“The things I want to know are in books. My best friend is the man who’ll get me a book I [haven’t] read.” — Abraham Lincoln
In this class, I was in the minority. Although I work in public education, my field was in special services and not direct teaching in the classroom. The struggle with that was how can I apply what I’m reading and what I’m learning in this class to my life and others lives. The answer came simple enough. I can inspire others simply by having a love of reading and sharing the love. I can start with my own family, or I can extend it beyond via cyber space. When I found a book, I talked, tweeted, blogged, facebooked it, anything to spread the love of the book wider. Some people bypassed it, others read it, and more so people started to ask questions about the book. Success! I can count a handful of people directly in my life that have read “The Station Series” simply on the act of promoting by recommendation. The cyber has opened a wide world both for readers and authors. When you tweet or blog and create an hashtag, it becomes an simple search (something I learned well). It can both be an positive or negative. In my case, it was postive because I was able to directly reach out to the authors of the book and they could/did respond to my posts. It was an instantaneous thing. Gone are the days, where you had to use snail mail and hope that it got to the address you found at the back of the book. Sharing our love, discontent or even questions about the book with the authors can inspire them as well. How? It inspires them to write more, to give us more materiel to read, love and share.
“Children are made readers on the laps of their parents.” — Emilie Buchwald
In other area of my life, I plan to share the love of reading with my children. What better way to share the love by starting with your own children? Reading was not always an everyday thing. I would try to set time a few nights a week to read to my son when I tucked him into bed. I realized that this is not enough for him and more often than not, he would be asking him to read every night. I took up the challenge. I would read for ten minutes each night to him, no matter what. He would pick out a book, or I would suggest a book. Some nights, after tending to the day I would be exhausted and it would difficult, but I pushed myself to make time. I found that it became an enjoyable time to share with him. Some of the rare time I got alone with him. After some time, I found that my son would read on his own. When he was sent to play in his room, he could be found sitting on his bed with a book. “Quiet” time, also known as nap time to me was replaced from a toy to a book. He would read quietly, (looking at the pictures and the few known words to him) under his covers before he would fall asleep and nap. I think instilling a love of books can happen at any age even if your children are older. You could take them to the library and help them discover the resources or you could even get the black and white reading kindle in hopes of stirring up a secret passion. Having the right tools like the kindle and library card can sometimes be the right gentle push they need to begging their jounrey in reading. Honestly there are so many tips that could or could not work for your child and a simple interest search could help you. In my search, I found a few tips that I thought could apply. The Urthmama blog, http://urthmama.com/inspiring-kids-to-read-10-simple-steps/, has some great tips and I will share with my readers the first two tips before signing off, please click the link to read the rest.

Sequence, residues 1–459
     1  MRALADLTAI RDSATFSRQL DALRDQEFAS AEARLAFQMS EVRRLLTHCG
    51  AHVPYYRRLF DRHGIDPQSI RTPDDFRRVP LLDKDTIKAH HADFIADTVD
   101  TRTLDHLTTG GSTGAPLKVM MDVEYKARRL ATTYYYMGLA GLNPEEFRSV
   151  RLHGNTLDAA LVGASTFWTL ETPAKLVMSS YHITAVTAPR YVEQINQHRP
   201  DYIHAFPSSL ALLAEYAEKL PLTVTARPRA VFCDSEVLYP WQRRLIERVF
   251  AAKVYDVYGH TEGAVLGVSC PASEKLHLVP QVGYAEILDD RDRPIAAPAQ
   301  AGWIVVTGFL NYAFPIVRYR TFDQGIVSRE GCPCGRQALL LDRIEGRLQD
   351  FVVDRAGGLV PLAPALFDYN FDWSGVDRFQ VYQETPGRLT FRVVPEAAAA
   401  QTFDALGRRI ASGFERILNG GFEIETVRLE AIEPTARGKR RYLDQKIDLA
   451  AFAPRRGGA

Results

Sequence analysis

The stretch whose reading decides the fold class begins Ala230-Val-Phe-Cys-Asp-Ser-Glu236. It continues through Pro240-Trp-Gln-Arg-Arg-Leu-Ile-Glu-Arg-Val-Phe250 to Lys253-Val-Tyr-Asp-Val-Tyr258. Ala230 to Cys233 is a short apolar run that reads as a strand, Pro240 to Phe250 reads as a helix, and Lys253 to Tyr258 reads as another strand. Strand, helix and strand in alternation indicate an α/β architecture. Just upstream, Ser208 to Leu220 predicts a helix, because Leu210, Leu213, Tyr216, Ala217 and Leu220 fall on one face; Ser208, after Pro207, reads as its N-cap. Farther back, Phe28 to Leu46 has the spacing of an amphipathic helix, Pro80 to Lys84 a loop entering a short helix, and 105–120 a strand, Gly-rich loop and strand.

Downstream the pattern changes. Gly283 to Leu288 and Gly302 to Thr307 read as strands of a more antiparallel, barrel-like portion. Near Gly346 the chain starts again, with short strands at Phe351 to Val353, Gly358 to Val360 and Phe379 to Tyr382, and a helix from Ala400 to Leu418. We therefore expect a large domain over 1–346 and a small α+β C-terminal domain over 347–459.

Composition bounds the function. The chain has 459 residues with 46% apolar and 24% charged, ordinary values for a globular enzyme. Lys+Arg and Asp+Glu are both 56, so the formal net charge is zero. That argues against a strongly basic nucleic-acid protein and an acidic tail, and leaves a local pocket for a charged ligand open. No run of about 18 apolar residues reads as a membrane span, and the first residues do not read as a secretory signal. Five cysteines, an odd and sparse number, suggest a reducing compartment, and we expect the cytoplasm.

“1) Read good books to your child from the time they’re babies. Sit with your child and read. Find books you can laugh about together. If a book is boring to you, then it’s probably boring to your child. There are so many fantastic children’s books on the market. There’s no excuse for reading bad books!
2) Make the books your child wants to read available in your home. A good book is subjective. Some kids love fiction, and others only want to read non-fiction. If your child wants to read comic books, let him read comic books. If she wants to read about ducks, then books about ducks are great. My point is: let a child learn to love to read by reading the books he loves.”